SAN FRANCISCO -- Dexter Fowler hopelessly froze in the batter's box and Giants catcher Buster Posey began jogging back to the dugout before the umpire called the third strike.
Fowler watched Matt Moore's cutter paint the outside edge of the strike zone for the final out of the eighth inning and it seemed to embody the type of night Cubs batters were enduring. They simply couldn't find an answer against Moore, who allowed two runs (one earned) on two hits through eight shutdown innings in the Giants' 6-5 Game 4 loss in the National League Division Series on Tuesday night.
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In what the left-hander called the most important start of his career, Moore rarely flinched. He struck out 10 batters and grew more dominant as the game wore on, retiring the last nine hitters he faced. But Moore also watched as the Cubs' offense kicked into gear as soon as he exited, scoring four runs off five Giants relievers to clinch the NLDS.
Instead of heading back to Chicago for Game 5, Moore and the rest of the club were left wondering if he could have gone one inning longer.
"We can look now and say, hey, push him even more," Giants manager Bruce Bochy said. "But we had confidence that these guys that we put out there would get outs against that lineup, we could get the matchups that we wanted."
Moore simply had done his job, according to Bochy. And that was clear.
Moore, who allowed one run in eight innings to the Dodgers in the final game of the season, continued to showcase why San Francisco acquired him before the non-waiver Trade Deadline. While David Ross crushed a solo home run in the third inning, Moore proved to be at his best facing the Cubs' most powerful hitters.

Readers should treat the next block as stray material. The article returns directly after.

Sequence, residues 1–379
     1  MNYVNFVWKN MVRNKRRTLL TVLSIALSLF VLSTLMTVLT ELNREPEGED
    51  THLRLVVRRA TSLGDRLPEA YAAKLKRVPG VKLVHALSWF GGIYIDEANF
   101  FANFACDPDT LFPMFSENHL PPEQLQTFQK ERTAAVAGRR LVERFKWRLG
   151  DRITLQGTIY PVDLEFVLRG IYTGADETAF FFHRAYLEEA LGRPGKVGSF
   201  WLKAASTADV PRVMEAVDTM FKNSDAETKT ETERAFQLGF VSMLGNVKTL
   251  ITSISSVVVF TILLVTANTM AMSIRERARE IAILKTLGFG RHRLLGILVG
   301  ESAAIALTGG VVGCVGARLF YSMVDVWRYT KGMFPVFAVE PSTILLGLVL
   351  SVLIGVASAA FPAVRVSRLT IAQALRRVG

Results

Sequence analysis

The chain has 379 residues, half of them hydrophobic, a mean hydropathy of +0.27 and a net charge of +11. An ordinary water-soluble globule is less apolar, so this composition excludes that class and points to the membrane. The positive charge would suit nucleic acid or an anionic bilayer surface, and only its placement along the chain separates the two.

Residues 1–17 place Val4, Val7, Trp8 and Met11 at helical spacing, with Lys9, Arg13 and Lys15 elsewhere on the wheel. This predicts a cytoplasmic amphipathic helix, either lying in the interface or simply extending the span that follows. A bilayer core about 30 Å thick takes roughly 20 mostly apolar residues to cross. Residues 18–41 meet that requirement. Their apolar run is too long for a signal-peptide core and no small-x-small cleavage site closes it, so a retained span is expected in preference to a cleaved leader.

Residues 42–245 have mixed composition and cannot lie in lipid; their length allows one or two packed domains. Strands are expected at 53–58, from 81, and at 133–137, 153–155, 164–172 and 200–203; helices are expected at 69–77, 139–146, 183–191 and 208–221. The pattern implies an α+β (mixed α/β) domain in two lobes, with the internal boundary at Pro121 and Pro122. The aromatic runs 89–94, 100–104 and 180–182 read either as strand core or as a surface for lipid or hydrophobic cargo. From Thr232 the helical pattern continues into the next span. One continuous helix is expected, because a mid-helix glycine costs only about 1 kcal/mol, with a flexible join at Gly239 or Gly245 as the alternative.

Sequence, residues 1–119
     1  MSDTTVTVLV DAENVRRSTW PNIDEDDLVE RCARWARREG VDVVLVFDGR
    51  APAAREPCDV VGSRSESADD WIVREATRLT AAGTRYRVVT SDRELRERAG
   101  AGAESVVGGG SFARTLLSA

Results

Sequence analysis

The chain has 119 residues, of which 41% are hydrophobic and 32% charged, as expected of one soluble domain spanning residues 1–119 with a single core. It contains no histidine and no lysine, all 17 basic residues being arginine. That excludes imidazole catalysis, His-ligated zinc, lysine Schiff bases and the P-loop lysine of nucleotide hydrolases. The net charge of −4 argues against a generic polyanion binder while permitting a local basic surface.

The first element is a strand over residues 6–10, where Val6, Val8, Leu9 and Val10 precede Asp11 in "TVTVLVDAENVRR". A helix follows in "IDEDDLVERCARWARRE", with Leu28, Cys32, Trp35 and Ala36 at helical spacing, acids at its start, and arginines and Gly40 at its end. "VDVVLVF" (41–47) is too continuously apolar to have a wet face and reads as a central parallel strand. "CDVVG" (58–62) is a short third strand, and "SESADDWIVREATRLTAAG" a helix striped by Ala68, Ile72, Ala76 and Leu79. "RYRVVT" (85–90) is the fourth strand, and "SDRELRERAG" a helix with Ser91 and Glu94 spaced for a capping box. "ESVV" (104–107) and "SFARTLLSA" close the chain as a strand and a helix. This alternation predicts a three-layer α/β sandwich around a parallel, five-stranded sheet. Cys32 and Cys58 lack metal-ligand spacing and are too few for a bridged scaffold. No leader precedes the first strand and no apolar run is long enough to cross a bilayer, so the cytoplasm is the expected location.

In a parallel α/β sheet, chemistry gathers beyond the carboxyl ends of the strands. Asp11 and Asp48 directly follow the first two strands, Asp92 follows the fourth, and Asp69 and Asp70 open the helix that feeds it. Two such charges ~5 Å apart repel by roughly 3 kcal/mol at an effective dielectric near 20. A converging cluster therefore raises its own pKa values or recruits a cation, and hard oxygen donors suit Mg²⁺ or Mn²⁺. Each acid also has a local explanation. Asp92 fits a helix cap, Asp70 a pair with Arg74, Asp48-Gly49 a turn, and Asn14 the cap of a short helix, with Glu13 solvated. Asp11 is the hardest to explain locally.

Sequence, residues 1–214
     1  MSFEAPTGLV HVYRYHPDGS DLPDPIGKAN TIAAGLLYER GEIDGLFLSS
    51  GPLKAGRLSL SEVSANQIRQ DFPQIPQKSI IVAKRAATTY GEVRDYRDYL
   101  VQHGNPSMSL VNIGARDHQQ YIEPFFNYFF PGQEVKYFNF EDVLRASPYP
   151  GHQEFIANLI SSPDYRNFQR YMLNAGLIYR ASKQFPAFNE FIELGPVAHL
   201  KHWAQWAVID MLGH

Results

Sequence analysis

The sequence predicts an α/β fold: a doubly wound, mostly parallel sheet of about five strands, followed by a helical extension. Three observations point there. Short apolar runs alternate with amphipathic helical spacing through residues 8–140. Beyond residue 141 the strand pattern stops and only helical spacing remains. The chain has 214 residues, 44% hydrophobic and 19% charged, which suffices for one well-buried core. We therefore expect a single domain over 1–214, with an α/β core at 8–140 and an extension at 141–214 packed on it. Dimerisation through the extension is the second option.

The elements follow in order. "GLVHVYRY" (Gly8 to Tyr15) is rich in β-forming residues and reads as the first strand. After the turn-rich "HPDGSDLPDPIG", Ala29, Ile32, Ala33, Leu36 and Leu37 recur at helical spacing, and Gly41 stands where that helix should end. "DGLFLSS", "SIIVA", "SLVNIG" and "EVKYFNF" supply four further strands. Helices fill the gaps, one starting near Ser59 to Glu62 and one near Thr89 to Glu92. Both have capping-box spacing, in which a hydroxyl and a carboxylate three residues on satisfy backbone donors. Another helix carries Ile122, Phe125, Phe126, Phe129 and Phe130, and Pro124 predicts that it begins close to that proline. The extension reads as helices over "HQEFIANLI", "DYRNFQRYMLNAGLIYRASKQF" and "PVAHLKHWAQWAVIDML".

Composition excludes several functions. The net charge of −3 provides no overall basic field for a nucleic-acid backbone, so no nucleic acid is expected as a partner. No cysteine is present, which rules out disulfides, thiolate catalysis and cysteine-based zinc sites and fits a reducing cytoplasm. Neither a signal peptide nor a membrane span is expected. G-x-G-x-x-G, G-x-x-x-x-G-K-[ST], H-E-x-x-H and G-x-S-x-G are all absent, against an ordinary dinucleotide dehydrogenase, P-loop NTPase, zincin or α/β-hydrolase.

He limited Kris Bryant, Anthony Rizzo and Ben Zobrist to one single while also recording four strikeouts against the trio.
"He got better as the game went along," said Posey. "Those are fun games when you have a pitcher in the situation he was in, especially with a new team. For him to go out and do what he did, it's pretty exciting."
Everything seemed to be going Moore's way. He hit an RBI single in the fourth inning to give the club a 2-1 lead and received a lucky break from his defense in the sixth.
After surrendering a leadoff walk to Fowler, Bryant manufactured a bloop into right. Hunter Pence got a bead on it, though, and fired to Brandon Crawford at second for a forceout.
"That was pretty ugly. I'm sure I made a lot of people in the dugout nervous, walking Dexter on four pitches," Moore said. "That was a heads-up play by Hunter and I think that gave me a little bit of momentum heading into the next hitter."
That was evident. Moore followed Pence's play by striking out Rizzo, then forcing Zobrist to hit into a fielder's choice. Moore never allowed a Cubs player to reach base again and walked off the mound after throwing 120 pitches.
Moore contests he wasn't at his best Tuesday. But he knew he was sure close to it. He became the 10th Giants pitcher to record double-digit strikeouts in a postseason game and finished 2016 without allowing more than two runs in consecutive outings.
"I had no problem coming out there," said Moore. "I couldn't imagine being in this spot at the end of July. I'm just really grateful to have the Giants family pull me in."